This is an extraordinary book in which Duras expertly conveys the thoughts and feelings associated with her experience as a member of the French Resistance during WWII---thoughts and feelings that, if not for this book, I would have thought incommunicable. I've never read the extremes of human emotional experience---fright, angst, confusion, doubt, sorrow, panic, madness--- captured so accurately and compellingly. The book is comprised of 6 stories, 4 non-fiction, 2 fiction. The non-fiction stories are simply absorbing. In the first, Duras waits second by second, day after day, week after week, to hear word of her husband, a member of the Resistance who was arrested and sent to a German concentration camp. In the second, she recounts the delicate dance she performed in which she parried the advances of a Gestapo officer while keeping him close enough to mine him for information. The third is about her role in torturing an informer, and the fourth is about her conflicted feelings about an informer who is more simpleton than traitor.It is a brief book (159 pages). The material is fascinating, the writing extraordinary. I strongly recommend The War, A Memoir by Marguerite Duras.

Miriam Nickerson

This story, focused on a woman waiting for the possible return of her husband after the liberation of the camps, is a very different view of the Holocaust. Did he survive? Is he returning? Where? How? When? What will it be like? Beautiful language.


The first 160 pages or so are autobiographical. The rawness and immediacy kept me reading about Duras's life as the Occupation of Paris closes down. Part of the French Resistance, Duras awaits the return of her husband from Bergen Belsen and nourishes him slowly back to health. And tells him she wants a divorce - life happens. The story of the torture of a known informer is disturbing, gut wrenching, and it conveys the multiplicity of feelings and motivations that can sweep away people who for years have lived through, fought through and survived a war. The final two short stories didn't pack the same punch.


Page 42 ... incredibly intense so far. The first part was amazing, but the other, shorter pieces seemed uneven and a bit scattered; some were first person memoir, and others were fiction, or at least fictionalized. There was no continuity and not enough context, at least for me. I lost the sense of this being one woman's story.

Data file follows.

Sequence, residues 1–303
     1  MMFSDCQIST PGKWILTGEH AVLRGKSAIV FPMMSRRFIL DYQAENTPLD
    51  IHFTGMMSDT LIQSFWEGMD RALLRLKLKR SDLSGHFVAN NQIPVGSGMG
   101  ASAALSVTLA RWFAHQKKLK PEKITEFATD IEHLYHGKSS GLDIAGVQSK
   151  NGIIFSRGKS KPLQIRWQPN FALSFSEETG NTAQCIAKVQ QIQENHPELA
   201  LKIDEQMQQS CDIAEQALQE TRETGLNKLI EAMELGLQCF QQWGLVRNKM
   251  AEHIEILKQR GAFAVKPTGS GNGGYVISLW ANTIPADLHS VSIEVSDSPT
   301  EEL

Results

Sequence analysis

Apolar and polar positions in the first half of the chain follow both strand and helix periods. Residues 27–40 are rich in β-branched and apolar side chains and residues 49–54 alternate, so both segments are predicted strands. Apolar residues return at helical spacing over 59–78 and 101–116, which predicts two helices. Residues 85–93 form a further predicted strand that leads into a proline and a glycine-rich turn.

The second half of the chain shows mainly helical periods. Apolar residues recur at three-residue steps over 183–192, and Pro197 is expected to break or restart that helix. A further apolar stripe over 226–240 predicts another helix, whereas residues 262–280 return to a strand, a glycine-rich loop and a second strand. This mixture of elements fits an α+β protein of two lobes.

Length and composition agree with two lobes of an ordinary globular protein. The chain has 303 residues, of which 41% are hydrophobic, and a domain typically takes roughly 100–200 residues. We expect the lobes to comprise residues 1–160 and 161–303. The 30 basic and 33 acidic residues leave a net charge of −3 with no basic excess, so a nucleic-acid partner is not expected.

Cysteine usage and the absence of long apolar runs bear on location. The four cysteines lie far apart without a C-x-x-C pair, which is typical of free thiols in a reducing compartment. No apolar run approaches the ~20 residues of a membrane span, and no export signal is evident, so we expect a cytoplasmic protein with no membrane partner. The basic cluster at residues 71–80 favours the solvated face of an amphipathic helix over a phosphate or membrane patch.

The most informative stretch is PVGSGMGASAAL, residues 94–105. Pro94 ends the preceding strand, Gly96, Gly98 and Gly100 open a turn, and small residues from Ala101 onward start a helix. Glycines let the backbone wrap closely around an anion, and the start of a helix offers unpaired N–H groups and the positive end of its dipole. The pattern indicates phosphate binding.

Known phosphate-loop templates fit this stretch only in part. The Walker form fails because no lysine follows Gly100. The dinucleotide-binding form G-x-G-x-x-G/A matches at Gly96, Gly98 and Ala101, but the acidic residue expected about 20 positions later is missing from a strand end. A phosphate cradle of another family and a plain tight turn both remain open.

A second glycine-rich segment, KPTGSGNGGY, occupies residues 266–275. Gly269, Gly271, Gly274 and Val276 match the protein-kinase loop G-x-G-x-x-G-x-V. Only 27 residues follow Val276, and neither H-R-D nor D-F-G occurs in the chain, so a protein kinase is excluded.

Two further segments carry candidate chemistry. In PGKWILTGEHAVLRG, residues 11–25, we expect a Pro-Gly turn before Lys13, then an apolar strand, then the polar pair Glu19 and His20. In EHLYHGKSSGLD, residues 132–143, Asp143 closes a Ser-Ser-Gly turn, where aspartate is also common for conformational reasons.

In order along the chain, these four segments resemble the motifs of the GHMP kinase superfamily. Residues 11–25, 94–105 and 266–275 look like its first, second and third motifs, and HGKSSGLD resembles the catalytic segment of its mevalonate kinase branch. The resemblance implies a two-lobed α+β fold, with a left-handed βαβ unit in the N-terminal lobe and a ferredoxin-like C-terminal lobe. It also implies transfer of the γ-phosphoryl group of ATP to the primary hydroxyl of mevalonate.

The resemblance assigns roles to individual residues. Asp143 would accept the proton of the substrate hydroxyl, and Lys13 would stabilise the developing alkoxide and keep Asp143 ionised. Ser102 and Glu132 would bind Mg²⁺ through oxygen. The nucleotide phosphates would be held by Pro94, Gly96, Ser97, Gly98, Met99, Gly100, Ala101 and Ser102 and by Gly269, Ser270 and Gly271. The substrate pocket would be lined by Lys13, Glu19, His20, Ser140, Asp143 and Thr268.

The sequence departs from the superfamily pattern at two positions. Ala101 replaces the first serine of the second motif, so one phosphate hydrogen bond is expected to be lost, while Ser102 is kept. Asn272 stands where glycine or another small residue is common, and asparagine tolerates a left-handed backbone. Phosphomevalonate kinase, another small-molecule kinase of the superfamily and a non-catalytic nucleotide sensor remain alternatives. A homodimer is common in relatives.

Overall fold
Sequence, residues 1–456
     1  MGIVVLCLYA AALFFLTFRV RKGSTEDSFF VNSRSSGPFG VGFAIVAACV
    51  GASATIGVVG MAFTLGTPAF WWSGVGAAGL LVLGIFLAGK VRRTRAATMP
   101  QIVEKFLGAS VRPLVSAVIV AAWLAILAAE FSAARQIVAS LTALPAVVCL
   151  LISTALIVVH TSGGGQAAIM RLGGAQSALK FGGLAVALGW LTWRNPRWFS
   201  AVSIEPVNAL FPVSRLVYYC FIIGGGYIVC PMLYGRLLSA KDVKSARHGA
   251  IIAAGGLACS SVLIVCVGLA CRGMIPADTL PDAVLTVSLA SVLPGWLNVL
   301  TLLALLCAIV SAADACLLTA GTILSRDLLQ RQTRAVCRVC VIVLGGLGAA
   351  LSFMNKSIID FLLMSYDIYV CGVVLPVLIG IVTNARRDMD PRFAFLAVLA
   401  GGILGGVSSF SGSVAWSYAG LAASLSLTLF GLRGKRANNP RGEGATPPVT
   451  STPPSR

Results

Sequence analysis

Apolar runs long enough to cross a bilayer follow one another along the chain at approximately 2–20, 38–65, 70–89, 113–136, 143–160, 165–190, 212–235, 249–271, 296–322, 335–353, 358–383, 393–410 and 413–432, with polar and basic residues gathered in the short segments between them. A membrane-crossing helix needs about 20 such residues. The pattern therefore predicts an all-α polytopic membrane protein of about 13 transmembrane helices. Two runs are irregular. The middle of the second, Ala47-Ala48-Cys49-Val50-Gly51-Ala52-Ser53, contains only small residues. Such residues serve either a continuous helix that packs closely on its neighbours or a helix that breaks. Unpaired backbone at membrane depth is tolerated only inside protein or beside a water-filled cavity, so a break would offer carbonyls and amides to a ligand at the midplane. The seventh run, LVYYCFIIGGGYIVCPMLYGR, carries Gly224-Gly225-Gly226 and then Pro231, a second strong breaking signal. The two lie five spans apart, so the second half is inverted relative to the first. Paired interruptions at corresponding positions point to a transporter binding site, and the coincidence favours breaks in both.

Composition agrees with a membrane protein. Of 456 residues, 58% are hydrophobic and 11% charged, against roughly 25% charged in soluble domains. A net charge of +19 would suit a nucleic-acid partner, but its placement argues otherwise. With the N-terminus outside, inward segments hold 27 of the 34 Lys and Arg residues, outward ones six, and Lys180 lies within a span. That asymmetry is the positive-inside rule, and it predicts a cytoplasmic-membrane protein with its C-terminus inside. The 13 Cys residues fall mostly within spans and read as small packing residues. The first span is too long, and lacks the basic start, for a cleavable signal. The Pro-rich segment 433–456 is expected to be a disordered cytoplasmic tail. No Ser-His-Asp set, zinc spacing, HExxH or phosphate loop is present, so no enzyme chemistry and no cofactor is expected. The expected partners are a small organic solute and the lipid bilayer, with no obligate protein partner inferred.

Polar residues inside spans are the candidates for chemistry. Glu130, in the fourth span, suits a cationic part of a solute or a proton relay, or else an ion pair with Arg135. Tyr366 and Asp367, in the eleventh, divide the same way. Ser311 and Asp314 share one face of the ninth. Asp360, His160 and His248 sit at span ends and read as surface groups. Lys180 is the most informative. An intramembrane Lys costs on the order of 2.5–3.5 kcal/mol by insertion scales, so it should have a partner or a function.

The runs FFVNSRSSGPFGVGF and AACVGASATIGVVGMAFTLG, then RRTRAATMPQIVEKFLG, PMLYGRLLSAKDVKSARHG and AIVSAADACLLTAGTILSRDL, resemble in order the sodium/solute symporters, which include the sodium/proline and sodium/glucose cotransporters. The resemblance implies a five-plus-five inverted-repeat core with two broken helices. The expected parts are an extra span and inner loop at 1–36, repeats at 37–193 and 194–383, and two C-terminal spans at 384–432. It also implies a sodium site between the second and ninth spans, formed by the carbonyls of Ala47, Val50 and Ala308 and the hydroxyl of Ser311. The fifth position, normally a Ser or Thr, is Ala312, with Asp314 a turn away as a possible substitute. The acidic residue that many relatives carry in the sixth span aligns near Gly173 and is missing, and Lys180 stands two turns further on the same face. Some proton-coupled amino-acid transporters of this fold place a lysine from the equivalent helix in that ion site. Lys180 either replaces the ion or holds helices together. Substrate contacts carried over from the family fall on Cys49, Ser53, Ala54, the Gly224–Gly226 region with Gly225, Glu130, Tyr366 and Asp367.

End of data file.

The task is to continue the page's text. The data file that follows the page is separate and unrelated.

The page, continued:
Angélique Moreau

Moi qui n'ai jamais été durassienne, du moins si je me base sur mes lointains souvenirs de lycée, je suis restée ébahie par ce texte. Je suis même heureuse de l'avoir lu à l'âge adulte, car je pense que si j'avais alors la sensibilité assez à fleur de peau pour en comprendre le poignant, je n'aurais jamais pu en percevoir les enjeux réels, et ce qu'il révèle sur la moralité de celui qui défend son pays en temps de guerre.Les nouvelles formant cet ouvrage sont précédées de quelques notes de l'auteur, qui nous informe s'il s'agit là d'une fiction, de «littérature» ou bien de la description autobiographique d'une torture quotidienne: l'attente du retour du mari, de Robert Antelme, des camps.Dans cette description à valeur historiographique, deux choses semblent pour moi être à retenir.D'abord la description du soin donné par Marguerite et ceux qui l'entourent de cet homme revenu des camps malade et sur le point de mourir. Ces soins quotidiens qu'elle prodigue, ces détails corporels et anatomiques extrêmement précis, cette manifestation putride de la douleur qui reste au fond du corps de l'homme; ce ne sont pas là des choses que l'on peut lire tous les jours dans des récits traitant de résistance. Ce combat simple du corps pour la vie défait la résistance de toute idéologie et s'en fait même le symbole. Ces hommes rapatriés ne sont réduits qu'à leur propre corps, le dernier bastion de leur résistance dans ce monde.Et c'est cette idée si fortement ressentie à la fin de ce premier chapitre qui teinte les autres textes, et nous fait prendre conscience de cette zone morale douteuse dans laquelle naviguent les résistants.Assassinats, traque, trahison et surtout torture, physique et en particulier mentale, sont leurs armes quotidiennes contre l'ennemi, l'ennemi omniprésent, tout autour et pourtant sans visage(s). Où est la moralité dans le combat pour la vie? Quelle est la valeur de la vie dans un combat politique ?